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Our faculty are well trained, experienced, and committed to the success of our students. The faculty specialize in a diverse range of topics, offering students the ability to conduct research in an area of interest to them. Students will work in collaboration with a faculty member to develop a research program that typically culminates in a departmental presentation. In addition, students may also present their work at regional and national meetings. Through research, students gain the experience necessary to prepare them for graduate school or the workplace. Several faculty members have participated in earning highly competitive grants from the National Science Foundation in support of both teaching and research. To view a professor's faculty website, click on his or her name.

Dr. Angelika Antoni ; 610-683-4319   Immunology and molecular biology, with interests in the genetic basis for human diseases, cell signaling, and the consequences of cellular apoptosis. Her main goal is to elucidate the genetic basis of autoimmune predisposition for diseases such as lupus and type I diabetes.

Dr. Daniel Aruscavage; 610-683-4315   Food safety in the home, such as contamination of cutting boards and sponges, is studied.  Several other aspects of microbiology are also considered, such as antibiotic resistance, water quality, and microbial physiology.

Dr. Marilyn C. Baguinon; 610-683-4324   Interests are in understanding gene function using molecular biology techniques. Examples of genes/proteins she has worked on are those involved in nitrogen fixation, in bacterial endotoxin detoxification, and blood clot formation. Recently, she has been involved in research studying the function of certain genes involved in red flour beetle development.  

Dr. Douglas Becker; 484-646-5861   Conservation biology and avian and landscape ecology with an emphasis on how biological communities change within human modified environments and management strategies to balance human and wildlife needs. 

Dr. Nancy M. Butler; 610-683-4791   Freshwater and marine ecology, including plankton feeding strategies, mating behavior, physiology, and community structure.

Ms. Melissa Gehret; 610-683-4312   Interests include studying various methods of biological control for economically important insects.  Specifically researched and biologically characterized components of the German cockroach (Blattella germanica) pheromone. 

Dr. Christopher Habeck; 610-683-4318  Conservation biology, restoration ecology, and plant-herbivore interactions. I am interested in 1) how plant chemistry influences consumers, 2) how consumer foraging choices impact invasion dynamics, and 3) how consumers influence restoration success through alterations to the compositional and chemical signature of plant communities. My work integrates around a larger theme of enhancing basic and applied ecological knowledge for the conservation of species, habitat restoration, and mitigation. Please visit my website:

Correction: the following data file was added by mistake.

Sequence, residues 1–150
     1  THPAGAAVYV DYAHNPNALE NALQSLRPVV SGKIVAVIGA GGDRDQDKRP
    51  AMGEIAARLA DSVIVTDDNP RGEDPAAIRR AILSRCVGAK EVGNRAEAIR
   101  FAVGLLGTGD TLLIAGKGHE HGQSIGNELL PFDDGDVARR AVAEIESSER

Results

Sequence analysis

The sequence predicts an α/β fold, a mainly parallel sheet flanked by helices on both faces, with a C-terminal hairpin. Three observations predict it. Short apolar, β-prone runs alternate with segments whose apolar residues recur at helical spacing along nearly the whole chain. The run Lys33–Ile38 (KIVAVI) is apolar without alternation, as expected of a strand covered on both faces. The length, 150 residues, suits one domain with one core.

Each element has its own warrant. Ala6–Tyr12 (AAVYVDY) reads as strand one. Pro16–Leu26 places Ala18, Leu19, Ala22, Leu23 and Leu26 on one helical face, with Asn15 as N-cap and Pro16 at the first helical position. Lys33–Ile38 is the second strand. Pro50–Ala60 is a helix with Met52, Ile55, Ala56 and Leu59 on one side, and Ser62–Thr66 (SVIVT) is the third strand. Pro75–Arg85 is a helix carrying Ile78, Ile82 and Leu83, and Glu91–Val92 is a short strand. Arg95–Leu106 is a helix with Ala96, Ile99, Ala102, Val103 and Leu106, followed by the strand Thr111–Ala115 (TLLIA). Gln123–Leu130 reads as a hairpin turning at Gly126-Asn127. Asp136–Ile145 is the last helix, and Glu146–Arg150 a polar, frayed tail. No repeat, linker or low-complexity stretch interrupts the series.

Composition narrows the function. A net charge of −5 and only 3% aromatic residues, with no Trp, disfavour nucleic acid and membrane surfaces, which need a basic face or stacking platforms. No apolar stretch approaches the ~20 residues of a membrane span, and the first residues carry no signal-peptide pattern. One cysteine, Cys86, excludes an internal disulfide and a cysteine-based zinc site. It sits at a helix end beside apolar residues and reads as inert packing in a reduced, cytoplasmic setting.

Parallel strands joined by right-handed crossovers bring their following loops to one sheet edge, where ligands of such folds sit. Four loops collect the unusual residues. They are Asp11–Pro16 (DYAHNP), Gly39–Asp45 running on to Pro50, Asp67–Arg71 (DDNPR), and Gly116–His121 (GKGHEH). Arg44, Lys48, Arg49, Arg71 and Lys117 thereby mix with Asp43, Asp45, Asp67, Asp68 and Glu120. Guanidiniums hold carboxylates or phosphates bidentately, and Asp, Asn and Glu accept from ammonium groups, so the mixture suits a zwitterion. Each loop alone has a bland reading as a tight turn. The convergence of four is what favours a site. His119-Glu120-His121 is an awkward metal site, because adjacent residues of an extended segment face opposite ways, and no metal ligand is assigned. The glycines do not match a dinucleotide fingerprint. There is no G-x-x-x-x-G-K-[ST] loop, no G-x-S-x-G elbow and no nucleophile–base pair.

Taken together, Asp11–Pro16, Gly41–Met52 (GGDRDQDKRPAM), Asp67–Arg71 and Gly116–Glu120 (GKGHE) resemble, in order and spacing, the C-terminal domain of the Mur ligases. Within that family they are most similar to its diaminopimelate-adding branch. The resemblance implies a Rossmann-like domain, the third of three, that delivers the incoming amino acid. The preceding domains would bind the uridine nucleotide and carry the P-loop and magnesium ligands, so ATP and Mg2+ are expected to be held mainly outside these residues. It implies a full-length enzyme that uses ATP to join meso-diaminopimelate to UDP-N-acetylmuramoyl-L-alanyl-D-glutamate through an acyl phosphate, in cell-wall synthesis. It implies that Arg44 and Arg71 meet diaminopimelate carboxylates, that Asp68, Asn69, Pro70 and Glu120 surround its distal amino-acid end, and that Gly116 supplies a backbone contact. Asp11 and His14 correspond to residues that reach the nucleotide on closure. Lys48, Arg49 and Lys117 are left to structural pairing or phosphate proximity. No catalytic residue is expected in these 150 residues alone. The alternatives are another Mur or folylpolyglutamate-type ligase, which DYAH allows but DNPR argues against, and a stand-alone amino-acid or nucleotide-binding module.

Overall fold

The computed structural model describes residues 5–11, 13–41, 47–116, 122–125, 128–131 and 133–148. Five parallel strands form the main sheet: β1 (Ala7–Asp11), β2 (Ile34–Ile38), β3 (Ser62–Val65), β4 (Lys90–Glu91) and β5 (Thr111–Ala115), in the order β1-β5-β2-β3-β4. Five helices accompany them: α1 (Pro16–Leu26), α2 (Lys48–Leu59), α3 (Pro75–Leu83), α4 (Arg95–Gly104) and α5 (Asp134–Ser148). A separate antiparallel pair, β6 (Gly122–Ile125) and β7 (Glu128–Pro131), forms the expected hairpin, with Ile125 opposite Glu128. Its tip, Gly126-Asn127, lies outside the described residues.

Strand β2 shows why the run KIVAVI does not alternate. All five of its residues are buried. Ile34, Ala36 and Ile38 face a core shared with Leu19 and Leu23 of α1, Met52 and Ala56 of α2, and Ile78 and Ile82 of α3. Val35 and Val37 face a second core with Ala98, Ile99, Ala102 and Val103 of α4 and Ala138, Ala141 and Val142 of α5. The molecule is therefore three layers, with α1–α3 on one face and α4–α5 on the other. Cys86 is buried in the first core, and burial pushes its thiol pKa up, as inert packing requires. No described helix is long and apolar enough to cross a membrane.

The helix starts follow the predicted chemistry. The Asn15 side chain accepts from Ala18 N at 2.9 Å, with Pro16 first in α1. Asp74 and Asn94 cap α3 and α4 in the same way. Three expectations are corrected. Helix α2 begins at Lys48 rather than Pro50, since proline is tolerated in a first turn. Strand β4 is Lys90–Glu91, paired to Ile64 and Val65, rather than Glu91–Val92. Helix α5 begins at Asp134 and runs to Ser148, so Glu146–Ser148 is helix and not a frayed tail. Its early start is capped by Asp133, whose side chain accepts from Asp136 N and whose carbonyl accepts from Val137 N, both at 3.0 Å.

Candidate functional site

Dr. Angela Hoptak-Solga; 610-683-4311   Cell and molecular genetics with an emphasis on the mechanisms responsible for the control of bone growth in zebrafish caudal fins. In particular, I study how mutations in connexin43 (cx43) lead to the production of short fins. I am interested in analyzing bone and joint structure using electron microscopy.

Dr. Carol C. Mapes; 610-683-4308   Plant physiology, plant growth and development, and cecidology.  Research focuses on studies involving plant galls caused by insects and mites.

Dr. Cristen Rosch; 610-683-4313   Plant molecular and cell biology, developmental biology with interests including gene expression, gene regulation, and the use of fluorescent microscopy to study the cellular cytoskeleton.

Dr. Wendy L. Ryan; 610-683-4310   Diverse projects within marine biology with an emphasis on physiology, marine mammals, high pressure treatments and the development of innovative teaching labs.

Dr. Christopher F. Sacchi; 610-683-4314   Reproductive biology of native and introduced plant species with a focus on abiotic and biotic factors influencing plant growth and reproduction.  Plant-herbivore and plant-pollinator interactions are of special interest.

Dr. Carsten Sanders; 610-683-4312   Molecular Biology, Biochemistry, and Biophysics; the molecular understanding and biotechnological use of proteins involved in energy transduction pathways and in induction of apoptosis (programmed cell death).

Dr. Gregory P. Setliff; 610-683-4316  Insect taxonomy and systematics, especially of tropical weevils from the Indo-Australian region; related interests include documenting biodiversity, insect identification, invasive species, and tropical ecology.

Dr. Elizabeth M. Skendzic; 484-646-5854   Plant taxonomy and plant molecular systematics with an interest on the grass family, the Poaceae.

Dr. Matthew Stone; 484-646-5844  Physiology, ecology, and conservation of reptiles and amphibians.  His research focuses on bone dynamics of turtles, specifically in relation to reproduction.

Dr. William F. Towne; 610-683-4317   Communication, learning, and sun-compass orientation in honey bees. Click here to visit Dr. Towne's Web site.

Dr. Robyn Underwood; 484-646-5853   Focuses on aiding beekeepers in managing honey bee pests and diseases.  I am also involved in efforts to document winter losses across the country. 

Dr. Todd Underwood; 610-683-4323  The interactions between the brood parasitic brown-headed cowbird and its hosts.  Brood parasitism is a reproductive strategy where female birds lay their eggs in other birds' nests and leave all parental care to these "foster parents" or hosts.  Also interested in other topics in avian behavior, ecology, and conservation.

Department of Biology, Kutztown University, Kutztown, PA 19530    

Phone: 610-683-4307  Fax: 610-683-4854